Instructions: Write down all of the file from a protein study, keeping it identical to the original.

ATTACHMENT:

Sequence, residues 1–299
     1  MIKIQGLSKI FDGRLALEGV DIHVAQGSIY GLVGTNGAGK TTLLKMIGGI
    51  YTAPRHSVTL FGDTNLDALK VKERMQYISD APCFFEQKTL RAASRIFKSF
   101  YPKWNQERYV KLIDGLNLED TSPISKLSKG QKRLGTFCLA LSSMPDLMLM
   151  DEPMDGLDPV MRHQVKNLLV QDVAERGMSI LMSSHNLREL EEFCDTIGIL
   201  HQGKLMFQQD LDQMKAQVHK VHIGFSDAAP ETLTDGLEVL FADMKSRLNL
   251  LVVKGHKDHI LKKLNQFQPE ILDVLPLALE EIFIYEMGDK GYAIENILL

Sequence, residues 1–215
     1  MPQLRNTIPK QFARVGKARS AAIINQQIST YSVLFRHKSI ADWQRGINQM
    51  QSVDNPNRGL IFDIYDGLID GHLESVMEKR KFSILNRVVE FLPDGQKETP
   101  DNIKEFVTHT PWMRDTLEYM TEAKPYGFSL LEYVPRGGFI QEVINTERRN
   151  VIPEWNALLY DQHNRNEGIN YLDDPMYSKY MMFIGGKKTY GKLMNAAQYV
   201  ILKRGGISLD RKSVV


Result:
Sequence, residues 1–299
     1  MIKIQGLSKI FDGRLALEGV DIHVAQGSIY GLVGTNGAGK TTLLKMIGGI
    51  YTAPRHSVTL FGDTNLDALK VKERMQYISD APCFFEQKTL RAASRIFKSF
   101  YPKWNQERYV KLIDGLNLED TSPISKLSKG QKRLGTFCLA LSSMPDLMLM
   151  DEPMDGLDPV MRHQVKNLLV QDVAERGMSI LMSSHNLREL EEFCDTIGIL
   201  HQGKLMFQQD LDQMKAQVHK VHIGFSDAAP ETLTDGLEVL FADMKSRLNL
   251  LVVKGHKDHI LKKLNQFQPE ILDVLPLALE EIFIYEMGDK GYAIENILL

Sequence, residues 1–215
     1  MPQLRNTIPK QFARVGKARS AAIINQQIST YSVLFRHKSI ADWQRGINQM
    51  QSVDNPNRGL IFDIYDGLID GHLESVMEKR KFSILNRVVE FLPDGQKETP
   101  DNIKEFVTHT PWMRDTLEYM TEAKPYGFSL LEYVPRGGFI QEVINTERRN
   151  VIPEWNALLY DQHNRNEGIN YLDDPMYSKY MMFIGGKKTY GKLMNAAQYV
   201  ILKRGGISLD RKSVV